In his first solo exhibition in the U.S. since 2004, the Brazilian artist Cildo Meireles played with the physical and psychological dimensions of perception in sculptures and installations spanning more than four decades. Known for his highly sensorial large-scale installations in which viewers have been invited to tread through broken glass, talcum powder or a dense web of thick cotton threads, the artist—born in 1948 in Rio de Janeiro, where he still lives—has long explored the elastic space between the personal and the political.
Here, visitors could move around inside Amerikkka (1991/2013), consisting of two monumental rectangular fields poised in dynamic tension. On the floor, some 20,000 wooden eggs, painted white and standing on end, carpet a red base; viewers can walk on top barefoot. Overhead, a blue canopy studded with more than 31,000 golden bullets hovers at an angle. Meireles aims an implied threat at a symbol of fragility and, in the use of the three K’s in the title, evokes the Ku Klux Klan and the ongoing history of racial violence in this country. At the same time, the eggs, suggestive of potential and abundance, prove durable underfoot, while the bullets, emptied of gunpowder, are transformed into an ethereal mosaic that shifts and glints with every movement. Minimal in its overall form and maximal in its accumulation and repetition of commonplace materials, Amerikkka creates a destabilized and meditative environment embedded with dualities.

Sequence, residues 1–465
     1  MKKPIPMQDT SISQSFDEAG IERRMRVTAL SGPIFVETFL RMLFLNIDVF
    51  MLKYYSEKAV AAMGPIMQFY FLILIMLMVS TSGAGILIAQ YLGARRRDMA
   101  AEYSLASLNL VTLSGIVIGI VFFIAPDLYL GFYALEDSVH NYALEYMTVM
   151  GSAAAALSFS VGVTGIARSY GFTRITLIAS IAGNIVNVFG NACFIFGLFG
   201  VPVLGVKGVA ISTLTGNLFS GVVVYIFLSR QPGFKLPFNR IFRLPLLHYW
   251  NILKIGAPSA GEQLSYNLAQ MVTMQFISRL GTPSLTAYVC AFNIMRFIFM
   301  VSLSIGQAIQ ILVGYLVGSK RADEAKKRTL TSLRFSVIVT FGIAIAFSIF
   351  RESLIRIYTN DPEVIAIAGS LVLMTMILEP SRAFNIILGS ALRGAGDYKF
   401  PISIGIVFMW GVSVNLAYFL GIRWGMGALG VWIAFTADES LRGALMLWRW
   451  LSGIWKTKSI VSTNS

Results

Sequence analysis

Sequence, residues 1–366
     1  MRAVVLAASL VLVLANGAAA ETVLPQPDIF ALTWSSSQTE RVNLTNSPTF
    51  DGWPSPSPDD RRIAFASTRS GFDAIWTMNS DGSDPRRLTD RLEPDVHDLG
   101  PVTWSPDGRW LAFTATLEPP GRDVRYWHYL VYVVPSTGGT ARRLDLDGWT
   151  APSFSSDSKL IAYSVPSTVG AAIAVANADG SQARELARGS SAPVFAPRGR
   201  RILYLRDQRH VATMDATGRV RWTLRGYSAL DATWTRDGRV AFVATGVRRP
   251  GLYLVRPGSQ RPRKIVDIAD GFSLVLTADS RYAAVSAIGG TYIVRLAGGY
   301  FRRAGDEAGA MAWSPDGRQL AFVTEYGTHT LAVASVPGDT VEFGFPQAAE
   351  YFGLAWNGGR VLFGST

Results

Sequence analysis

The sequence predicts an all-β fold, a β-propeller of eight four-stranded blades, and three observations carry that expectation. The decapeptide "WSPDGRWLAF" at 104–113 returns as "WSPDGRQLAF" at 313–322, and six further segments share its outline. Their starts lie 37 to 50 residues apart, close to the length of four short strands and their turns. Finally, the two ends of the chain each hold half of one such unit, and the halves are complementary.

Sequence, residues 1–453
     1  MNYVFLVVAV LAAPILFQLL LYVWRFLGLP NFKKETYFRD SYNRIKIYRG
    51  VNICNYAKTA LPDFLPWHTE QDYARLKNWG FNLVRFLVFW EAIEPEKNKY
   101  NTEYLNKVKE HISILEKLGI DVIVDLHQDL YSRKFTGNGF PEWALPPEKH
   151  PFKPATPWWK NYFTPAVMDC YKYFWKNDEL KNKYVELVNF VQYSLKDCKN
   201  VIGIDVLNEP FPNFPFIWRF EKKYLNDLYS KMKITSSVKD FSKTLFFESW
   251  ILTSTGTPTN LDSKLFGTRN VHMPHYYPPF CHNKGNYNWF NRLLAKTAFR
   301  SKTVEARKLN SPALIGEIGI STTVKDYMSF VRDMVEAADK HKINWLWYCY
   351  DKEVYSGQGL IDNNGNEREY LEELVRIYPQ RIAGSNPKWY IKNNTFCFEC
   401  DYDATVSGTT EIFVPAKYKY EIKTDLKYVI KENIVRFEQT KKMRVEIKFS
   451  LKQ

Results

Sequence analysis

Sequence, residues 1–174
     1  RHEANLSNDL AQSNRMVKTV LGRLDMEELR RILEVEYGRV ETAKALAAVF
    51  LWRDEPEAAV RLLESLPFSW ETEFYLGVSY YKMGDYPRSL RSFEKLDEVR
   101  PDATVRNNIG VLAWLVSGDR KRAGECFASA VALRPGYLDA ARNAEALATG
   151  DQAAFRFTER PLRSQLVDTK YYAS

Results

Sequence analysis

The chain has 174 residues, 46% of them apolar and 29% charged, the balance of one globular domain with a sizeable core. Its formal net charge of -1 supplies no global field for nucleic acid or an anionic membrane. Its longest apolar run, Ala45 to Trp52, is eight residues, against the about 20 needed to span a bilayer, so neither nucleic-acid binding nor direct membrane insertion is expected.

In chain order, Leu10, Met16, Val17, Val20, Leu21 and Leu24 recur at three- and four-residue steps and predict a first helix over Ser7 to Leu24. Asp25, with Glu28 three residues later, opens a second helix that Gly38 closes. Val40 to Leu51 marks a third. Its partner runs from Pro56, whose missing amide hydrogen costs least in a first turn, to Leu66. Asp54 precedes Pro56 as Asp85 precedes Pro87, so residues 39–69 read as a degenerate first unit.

Meireles offered up other pairings on a much smaller scale for contemplation throughout the exhibition. In Aquaurum (2015), two identical drinking glasses—one filled with water, the other with gold—suggest an equivalence in value at a time of water scarcities, whether in Brazil’s most populous city of São Paulo or the golden state of California. Esfera invisível (Invisible Sphere), 2012, consists of two aluminum cubes—the smaller one flipped open to reveal a spherical hollow at the center, the larger one shut. Both ask viewers to believe in something they cannot see.
Also on view were seven works from a series called “Espaços virtuais: Cantos” (Virtual Spaces: Corners), conceived by Meireles in 1967-68, when he was first starting out, and finally realized between 2009 and 2014. Each work has two vertical wall sections, painted shades of peach, joining a small segment of wood flooring to create a domestic-looking corner. But planes do not quite meet at 90-degree angles and painted baseboards slide off walls onto floors in a series of subtle calibrations that undermine the architectural certainty of these seven nooks, which were tightly juxtaposed in one gallery at Lelong.
Emblematic of the whole show was a piece called Pares ímpares (2011/13), meaning “even odd.” Two pairs of eyeglasses rest on an acrylic shelf, the right lens of each apparently cracked. Yet from certain vantage points it becomes evident that with one pair, the crack is actually on the shelf, framed by an intact lens. In this elegant fooling of the eye, Meireles asks us to consider whether our vision is impaired and whether art can allow us to better see the fissures in the world.